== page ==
Life of Luxury

The news seems determined to make me panic about ye olde finances day in and day out. However, as a government employee, I’m pretty confident layoffs are not a risk I’m facing. I’m almost 30 years away from retirement eligibility, so stock market losses in my retirement account are not big cause for concern. And as a humble bureaucrat, I don’t have untold wealth in the market anyway. I take the bus, so gas prices going up and down don’t really affect me. And, I’ve stalled out on house shopping, so as long as my landlord holds onto my townhouse, I’m not worried about housing.

So, here I am, driven to the edge of fiscal panic by the news but with nothing to do about it. So what I’ve started doing is worrying about cutting back on the things I think of as luxuries. The periodic taxi rides around town when I miss my bus or am too lazy to wait in the cold for the next one. The vast quantities of takeout that crosses my doorstep. The bulk piles of books I tend to order when a weekend looks like it may be a little slow. “On Demand” tv movies at $3.99 a pop. And yes, even my beloved bourbons. The little luxuries really add up, or rather subtract up from my bank account.

The problem? How to cut back without feeling deprived. I know I should be all adult and feel a sense of accomplishment at saving money rather than spending it. But really, I like to think of all the little things as my rewards for working long hours and paying all my own bills on time (mostly). So, here I am, dangling in a middle ground- still making unneccessary expenditures, but trying to make less of them.

I’m not much of a scrimper, but I’m trying. But I am weak, dear internet. I am so, so weak. And Etsy keeps taunting me with fabulousness….



Filed under Daily Life, Soul Searching

13 responses to “Life of Luxury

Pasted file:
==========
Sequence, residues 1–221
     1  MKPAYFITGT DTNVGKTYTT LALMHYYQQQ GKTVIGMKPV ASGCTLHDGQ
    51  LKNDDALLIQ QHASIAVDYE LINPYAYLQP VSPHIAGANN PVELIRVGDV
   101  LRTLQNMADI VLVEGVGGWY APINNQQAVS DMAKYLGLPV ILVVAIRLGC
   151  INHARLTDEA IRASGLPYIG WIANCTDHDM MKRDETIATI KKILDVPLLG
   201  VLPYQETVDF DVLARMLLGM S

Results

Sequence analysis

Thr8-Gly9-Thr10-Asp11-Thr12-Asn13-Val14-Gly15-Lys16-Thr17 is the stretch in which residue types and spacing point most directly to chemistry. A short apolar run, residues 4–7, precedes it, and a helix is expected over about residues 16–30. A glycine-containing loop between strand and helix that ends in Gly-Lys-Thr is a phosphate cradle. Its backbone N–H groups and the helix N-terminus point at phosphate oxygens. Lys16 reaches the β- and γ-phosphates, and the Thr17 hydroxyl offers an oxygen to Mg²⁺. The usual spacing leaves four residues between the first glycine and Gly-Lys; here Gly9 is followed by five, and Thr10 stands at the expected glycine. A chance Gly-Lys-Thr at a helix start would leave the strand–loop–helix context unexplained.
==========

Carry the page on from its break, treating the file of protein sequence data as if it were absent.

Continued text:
1. Get some financial planning software and track your expenses for a month. Every dollar. It’s tedious but it will open your eyes and help you make choices that don’t make you feel deprived. For instance, now I borrow books, cds and dvds from the library, and leave my credit cards at home.

  2. I hear you in a big way.

    This week, my paycheck was accidentally spent before it even reached my account (on nothing frivolous, just typical bills) so I’ve been left with $0 to spend this week. So far this has meant…

    1) Filling up a water bottle from the tap 3-4 times a day, rather then buying Diet Coke and coffee at work. (My boss bought me a coffee yesterday and I could have kissed him)
    2) Eating left over Halloween candy that my coworkers have hanging around, rather then buying lunch. Not as healthy as #1!
    3) Trying like hell to make 1 pack of cigarettes last more then a week!
    4) Ramen noodles.

    I’m also favoriting lots of peoples etsy sites so I can go back once I get paid! Do you sell on Etsy too?

  3. I do not understand the buying of books on a regular basis, to be honest. The library is so totally FREE! And, at many, you can borrow movies too.

    Or get Netflix for like $10 or $15 a month and have movies delivered.

    I fear sounding like a parent saying this, but your reward for paying all (or most) of your bills on time is your credit score.

  4. I vote library! Also, I use a few little tricks…like saving all my change to save a little at a time. Sometimes I’ll have all the 5’s I get for a month in order to make myself cut back.
    I’m struggling a little currently, due to the holiday shopping season, but I think I know how to handle that. I’m going to redeem my Discover card cash back and do as much amazon shopping as possible!